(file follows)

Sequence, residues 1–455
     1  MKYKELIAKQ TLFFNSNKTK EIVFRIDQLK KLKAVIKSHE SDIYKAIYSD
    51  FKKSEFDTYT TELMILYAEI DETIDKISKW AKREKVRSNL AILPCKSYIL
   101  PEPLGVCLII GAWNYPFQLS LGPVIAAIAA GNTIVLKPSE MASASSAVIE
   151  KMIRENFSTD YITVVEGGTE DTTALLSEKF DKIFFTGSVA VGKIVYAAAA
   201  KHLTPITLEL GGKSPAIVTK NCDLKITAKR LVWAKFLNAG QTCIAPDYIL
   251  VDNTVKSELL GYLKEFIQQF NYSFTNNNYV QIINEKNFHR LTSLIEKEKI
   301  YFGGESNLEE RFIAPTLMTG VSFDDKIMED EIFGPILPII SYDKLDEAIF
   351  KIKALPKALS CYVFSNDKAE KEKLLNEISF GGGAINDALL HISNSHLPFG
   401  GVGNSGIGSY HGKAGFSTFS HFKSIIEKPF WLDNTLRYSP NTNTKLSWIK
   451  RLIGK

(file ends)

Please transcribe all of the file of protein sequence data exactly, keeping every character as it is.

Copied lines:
Sequence, residues 1–455
     1  MKYKELIAKQ TLFFNSNKTK EIVFRIDQLK KLKAVIKSHE SDIYKAIYSD
    51  FKKSEFDTYT TELMILYAEI DETIDKISKW AKREKVRSNL AILPCKSYIL
   101  PEPLGVCLII GAWNYPFQLS LGPVIAAIAA GNTIVLKPSE MASASSAVIE
   151  KMIRENFSTD YITVVEGGTE DTTALLSEKF DKIFFTGSVA VGKIVYAAAA
   201  KHLTPITLEL GGKSPAIVTK NCDLKITAKR LVWAKFLNAG QTCIAPDYIL
   251  VDNTVKSELL GYLKEFIQQF NYSFTNNNYV QIINEKNFHR LTSLIEKEKI
   301  YFGGESNLEE RFIAPTLMTG VSFDDKIMED EIFGPILPII SYDKLDEAIF
   351  KIKALPKALS CYVFSNDKAE KEKLLNEISF GGGAINDALL HISNSHLPFG
   401  GVGNSGIGSY HGKAGFSTFS HFKSIIEKPF WLDNTLRYSP NTNTKLSWIK
   451  RLIGK